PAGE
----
Under the Equal Access to Justice Act, a private litigant who prevails against the government is entitled to attorneys fees unless the court considering a petition for fees determines that the government's litigation position was "substantially justified or that special circumstances make an award unjust." 28 U.S.C.A. Sec. 2412(d)(1)(A). The legislative history of the Act makes clear that the burden of demonstrating substantial justification is upon the government. See, e.g., H.R.Rep. No. 120, 99th Cong., 1st Sess. 8, reprinted in 1985 U.S.Code Cong. & Ad.News 132, 136.


Although the Secretary initially failed to respond to Campbell's petition for fees, and while his later response to the Rule 59(e) motion did not clearly articulate the reasonableness of the Secretary's position, we do not agree with Campbell that these failures compel the conclusion that the Secretary did not meet his burden of proof under the Act.* The statute requires that a denial of fees be based on the district court's finding that the government's position was substantially justified. While the burden of showing substantial justification is on the government, a district court may find, as it did in this case, that the record before it demonstrates that substantial justification exists for a litigation position. In such a case, a formal government response to the petition for fees, though desirable, is not a pre-condition of an order denying an award of fees under the Act.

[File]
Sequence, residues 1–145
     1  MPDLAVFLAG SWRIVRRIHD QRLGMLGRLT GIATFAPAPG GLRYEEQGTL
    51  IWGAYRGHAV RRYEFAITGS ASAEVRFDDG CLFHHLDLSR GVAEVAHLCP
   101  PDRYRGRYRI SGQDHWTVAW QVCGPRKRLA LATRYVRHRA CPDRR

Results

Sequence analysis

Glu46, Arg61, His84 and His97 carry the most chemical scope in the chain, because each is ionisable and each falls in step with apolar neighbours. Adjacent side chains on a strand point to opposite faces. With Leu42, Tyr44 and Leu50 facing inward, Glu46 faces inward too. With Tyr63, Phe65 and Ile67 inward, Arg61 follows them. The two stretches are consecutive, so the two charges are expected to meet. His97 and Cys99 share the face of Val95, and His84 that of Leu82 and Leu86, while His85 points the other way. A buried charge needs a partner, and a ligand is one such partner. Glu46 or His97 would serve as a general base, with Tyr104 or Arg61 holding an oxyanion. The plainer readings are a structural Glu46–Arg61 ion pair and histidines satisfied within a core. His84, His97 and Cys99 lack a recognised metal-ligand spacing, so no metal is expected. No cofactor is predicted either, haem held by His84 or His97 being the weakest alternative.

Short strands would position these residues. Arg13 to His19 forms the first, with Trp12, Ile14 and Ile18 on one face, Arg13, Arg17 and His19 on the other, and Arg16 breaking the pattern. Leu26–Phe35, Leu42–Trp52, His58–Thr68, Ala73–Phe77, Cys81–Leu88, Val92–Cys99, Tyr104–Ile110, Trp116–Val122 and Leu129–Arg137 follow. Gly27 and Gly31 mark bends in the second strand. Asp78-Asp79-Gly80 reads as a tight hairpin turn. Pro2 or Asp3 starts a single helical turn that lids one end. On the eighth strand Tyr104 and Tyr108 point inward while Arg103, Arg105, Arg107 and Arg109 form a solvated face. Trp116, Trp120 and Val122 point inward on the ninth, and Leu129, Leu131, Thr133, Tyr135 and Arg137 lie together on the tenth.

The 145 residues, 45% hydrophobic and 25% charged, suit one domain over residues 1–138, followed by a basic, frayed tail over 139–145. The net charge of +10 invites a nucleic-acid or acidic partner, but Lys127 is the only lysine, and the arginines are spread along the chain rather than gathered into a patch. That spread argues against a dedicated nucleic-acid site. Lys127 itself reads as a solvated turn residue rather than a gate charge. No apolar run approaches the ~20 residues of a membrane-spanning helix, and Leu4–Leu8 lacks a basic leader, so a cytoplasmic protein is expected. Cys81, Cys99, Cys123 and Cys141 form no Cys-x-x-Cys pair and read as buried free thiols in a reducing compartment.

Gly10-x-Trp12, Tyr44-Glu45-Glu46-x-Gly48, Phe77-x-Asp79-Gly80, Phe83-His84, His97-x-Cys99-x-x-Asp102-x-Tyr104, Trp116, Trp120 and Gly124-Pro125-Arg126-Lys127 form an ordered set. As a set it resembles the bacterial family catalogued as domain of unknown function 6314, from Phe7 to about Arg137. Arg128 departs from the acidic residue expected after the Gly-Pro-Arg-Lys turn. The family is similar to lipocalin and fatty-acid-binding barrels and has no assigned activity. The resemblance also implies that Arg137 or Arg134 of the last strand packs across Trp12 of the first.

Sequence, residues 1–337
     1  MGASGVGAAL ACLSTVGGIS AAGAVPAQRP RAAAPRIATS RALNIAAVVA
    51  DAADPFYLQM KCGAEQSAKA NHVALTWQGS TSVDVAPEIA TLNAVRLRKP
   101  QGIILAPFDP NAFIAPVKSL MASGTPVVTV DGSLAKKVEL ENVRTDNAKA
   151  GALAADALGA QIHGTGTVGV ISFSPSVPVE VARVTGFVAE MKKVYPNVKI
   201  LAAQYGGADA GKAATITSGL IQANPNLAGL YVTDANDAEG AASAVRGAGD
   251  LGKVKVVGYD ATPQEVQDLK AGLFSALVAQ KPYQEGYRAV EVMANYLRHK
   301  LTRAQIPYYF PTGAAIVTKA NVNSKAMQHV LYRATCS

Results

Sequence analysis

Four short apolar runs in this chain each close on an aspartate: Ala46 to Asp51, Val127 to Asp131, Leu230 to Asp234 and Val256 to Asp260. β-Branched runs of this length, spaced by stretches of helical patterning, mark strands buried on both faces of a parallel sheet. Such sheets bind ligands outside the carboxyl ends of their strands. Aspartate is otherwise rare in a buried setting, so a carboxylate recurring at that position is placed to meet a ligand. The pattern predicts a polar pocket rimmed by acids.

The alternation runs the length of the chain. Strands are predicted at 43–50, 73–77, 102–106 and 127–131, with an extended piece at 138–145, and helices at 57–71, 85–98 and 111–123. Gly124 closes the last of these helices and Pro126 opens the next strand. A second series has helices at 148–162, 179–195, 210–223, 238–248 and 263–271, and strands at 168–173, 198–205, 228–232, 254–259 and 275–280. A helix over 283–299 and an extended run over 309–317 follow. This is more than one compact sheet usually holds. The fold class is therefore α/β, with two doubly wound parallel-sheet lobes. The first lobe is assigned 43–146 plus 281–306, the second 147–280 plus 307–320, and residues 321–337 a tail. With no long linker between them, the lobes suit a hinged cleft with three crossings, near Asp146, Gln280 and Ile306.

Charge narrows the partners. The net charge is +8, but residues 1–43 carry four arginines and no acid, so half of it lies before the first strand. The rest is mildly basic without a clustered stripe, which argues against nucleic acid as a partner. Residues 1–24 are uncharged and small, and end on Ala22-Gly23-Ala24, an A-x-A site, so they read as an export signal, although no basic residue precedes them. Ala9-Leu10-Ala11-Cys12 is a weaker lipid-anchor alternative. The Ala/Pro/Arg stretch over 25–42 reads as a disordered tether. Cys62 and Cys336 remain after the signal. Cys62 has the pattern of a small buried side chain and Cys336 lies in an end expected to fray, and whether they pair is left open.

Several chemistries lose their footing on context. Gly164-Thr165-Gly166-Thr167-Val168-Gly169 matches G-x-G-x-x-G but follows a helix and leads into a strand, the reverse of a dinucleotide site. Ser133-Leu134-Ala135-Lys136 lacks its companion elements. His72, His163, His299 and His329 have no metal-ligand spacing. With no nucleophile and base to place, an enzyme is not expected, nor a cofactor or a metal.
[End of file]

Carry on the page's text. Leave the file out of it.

We conclude that upon the record in this case, the district court did not err in determining that the Secretary's litigation position was substantially justified. Campbell urges us to liken this case to Anderson v. Heckler, 756 F.2d 1011 (4th Cir.1985), where we reversed a district court's refusal to award fees under the Equal Access to Justice Act. In Anderson, the Secretary had adopted a litigation position that directly ignored a prior decision of this court that rejected the Secretary's position on a matter of law. See Dotson v. Schweiker, 719 F.2d 80 (4th Cir.1983) (allocating to Secretary the burden of rebutting a presumption of continuing disability).